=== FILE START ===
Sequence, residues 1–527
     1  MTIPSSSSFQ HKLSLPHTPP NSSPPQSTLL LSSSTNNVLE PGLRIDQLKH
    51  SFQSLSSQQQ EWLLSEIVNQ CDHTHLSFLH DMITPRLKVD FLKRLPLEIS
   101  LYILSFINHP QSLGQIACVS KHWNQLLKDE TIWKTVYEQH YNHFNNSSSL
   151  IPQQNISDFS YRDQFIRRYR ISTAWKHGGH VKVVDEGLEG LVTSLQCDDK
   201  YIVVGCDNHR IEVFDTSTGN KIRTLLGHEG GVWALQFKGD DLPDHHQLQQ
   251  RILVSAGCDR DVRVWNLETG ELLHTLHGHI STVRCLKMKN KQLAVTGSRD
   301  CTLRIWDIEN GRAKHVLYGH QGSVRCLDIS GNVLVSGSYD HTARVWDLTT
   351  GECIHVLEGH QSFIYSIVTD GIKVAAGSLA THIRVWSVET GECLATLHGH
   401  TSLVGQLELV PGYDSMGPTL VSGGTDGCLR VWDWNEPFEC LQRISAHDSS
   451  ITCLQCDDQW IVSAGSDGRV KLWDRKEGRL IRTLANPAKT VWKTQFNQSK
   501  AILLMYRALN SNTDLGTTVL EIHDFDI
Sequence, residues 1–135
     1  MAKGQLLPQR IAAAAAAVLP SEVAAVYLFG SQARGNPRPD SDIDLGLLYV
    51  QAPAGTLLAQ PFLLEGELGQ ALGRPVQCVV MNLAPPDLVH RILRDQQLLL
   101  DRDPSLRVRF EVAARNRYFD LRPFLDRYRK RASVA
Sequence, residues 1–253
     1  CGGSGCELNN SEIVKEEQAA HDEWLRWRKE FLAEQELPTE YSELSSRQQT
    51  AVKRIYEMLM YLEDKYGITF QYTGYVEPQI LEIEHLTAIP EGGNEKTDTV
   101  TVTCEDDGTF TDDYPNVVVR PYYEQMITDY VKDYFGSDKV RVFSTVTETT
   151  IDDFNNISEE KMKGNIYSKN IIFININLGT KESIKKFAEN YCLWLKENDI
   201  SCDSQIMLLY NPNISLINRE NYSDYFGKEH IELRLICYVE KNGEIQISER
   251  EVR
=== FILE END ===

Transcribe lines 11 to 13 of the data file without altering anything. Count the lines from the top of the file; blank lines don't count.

   451  ITCLQCDDQW IVSAGSDGRV KLWDRKEGRL IRTLANPAKT VWKTQFNQSK
   501  AILLMYRALN SNTDLGTTVL EIHDFDI
Sequence, residues 1–135